Parents benefit from eating offspring: Density-dependent egg survivorship compensates for filial cannibalism

Hope Klug*, Kai Lindström, Colette M. St. Mary

*Corresponding author for this work

Research output: Contribution to journalArticleScientificpeer-review

52 Citations (Scopus)


Why should animals knowingly consume their own young? It is difficult to imagine many circumstances in which eating one's own young (i.e., filial cannibalism) actually increases an individual's fitness; however, filial cannibalism commonly co-occurs with parental care in fishes. The evolutionary significance of filial cannibalism remains unclear. The most commonly accepted explanation is that filial cannibalism is a mechanism by which caring males gain energy or nutrients that they reinvest into future reproduction, thereby increasing net reproductive success. There is mixed support for this hypothesis and, at best, it can only explain filial cannibalism in some species. A recent alternative hypothesis suggests that filial cannibalism improves the survivorship of remaining eggs by increasing oxygen availability, and thus increases current reproductive success. This theory has received little attention as of yet. We evaluated the hypothesis of oxygen-mediated filial cannibalism in the sand goby by examining the effect of oxygen and egg density on the occurrence of filial cannibalism, evaluating the effects of partial clutch cannibalism on the survivorship of remaining eggs, and comparing potential costs and benefits of filial cannibalism related to the net number of eggs surviving. Indeed, we found that oxygen level and egg density affected the occurrence of cannibalism and that simulated partial clutch cannibalism improved survivorship of the remaining eggs. Additionally, because increased egg survivorship, stemming from partial egg removal, compensated for the cost of cannibalism (i.e., number of eggs removed) at a range of cannibalism levels, filial cannibalism potentially results in no net losses in reproductive success. However, oxygen did not affect egg survivorship. Thus, we suggest a more general hypothesis of filial cannibalism mediated by density-dependent egg survivorship.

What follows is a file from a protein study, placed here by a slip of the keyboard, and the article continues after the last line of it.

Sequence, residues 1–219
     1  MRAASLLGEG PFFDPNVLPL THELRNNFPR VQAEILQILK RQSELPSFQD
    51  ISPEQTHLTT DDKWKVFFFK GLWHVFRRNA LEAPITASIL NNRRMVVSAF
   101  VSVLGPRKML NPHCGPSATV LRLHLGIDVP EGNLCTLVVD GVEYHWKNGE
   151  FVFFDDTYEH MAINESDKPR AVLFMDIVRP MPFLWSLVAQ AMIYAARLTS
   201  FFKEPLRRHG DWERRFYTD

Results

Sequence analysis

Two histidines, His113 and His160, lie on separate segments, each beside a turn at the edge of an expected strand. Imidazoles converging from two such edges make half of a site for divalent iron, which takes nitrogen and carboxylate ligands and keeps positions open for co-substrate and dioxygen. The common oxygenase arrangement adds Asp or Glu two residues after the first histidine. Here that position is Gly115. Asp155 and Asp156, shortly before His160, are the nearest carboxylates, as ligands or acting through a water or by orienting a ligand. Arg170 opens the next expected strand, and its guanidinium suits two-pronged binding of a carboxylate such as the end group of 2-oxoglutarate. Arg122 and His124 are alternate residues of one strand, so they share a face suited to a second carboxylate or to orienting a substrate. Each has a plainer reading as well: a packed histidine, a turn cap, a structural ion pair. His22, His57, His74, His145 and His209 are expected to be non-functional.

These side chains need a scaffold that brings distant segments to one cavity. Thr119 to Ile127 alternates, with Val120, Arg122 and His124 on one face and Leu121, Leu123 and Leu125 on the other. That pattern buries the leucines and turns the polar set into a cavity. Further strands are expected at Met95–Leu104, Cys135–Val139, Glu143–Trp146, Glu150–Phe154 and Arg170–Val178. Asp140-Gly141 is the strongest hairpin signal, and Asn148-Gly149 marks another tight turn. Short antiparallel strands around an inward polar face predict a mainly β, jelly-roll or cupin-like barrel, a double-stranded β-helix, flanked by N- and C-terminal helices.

Original languageEnglish
Pages (from-to)2087-2095
Number of pages9
Issue number10
Publication statusPublished - Oct 2006
Externally publishedYes
MoE publication typeA1 Journal article-refereed


  • Density-dependent egg survivorship
  • Filial cannibalism
  • Parent-offspring conflict
  • Parental care
  • Paternal care
  • Pomatoschistus minutus


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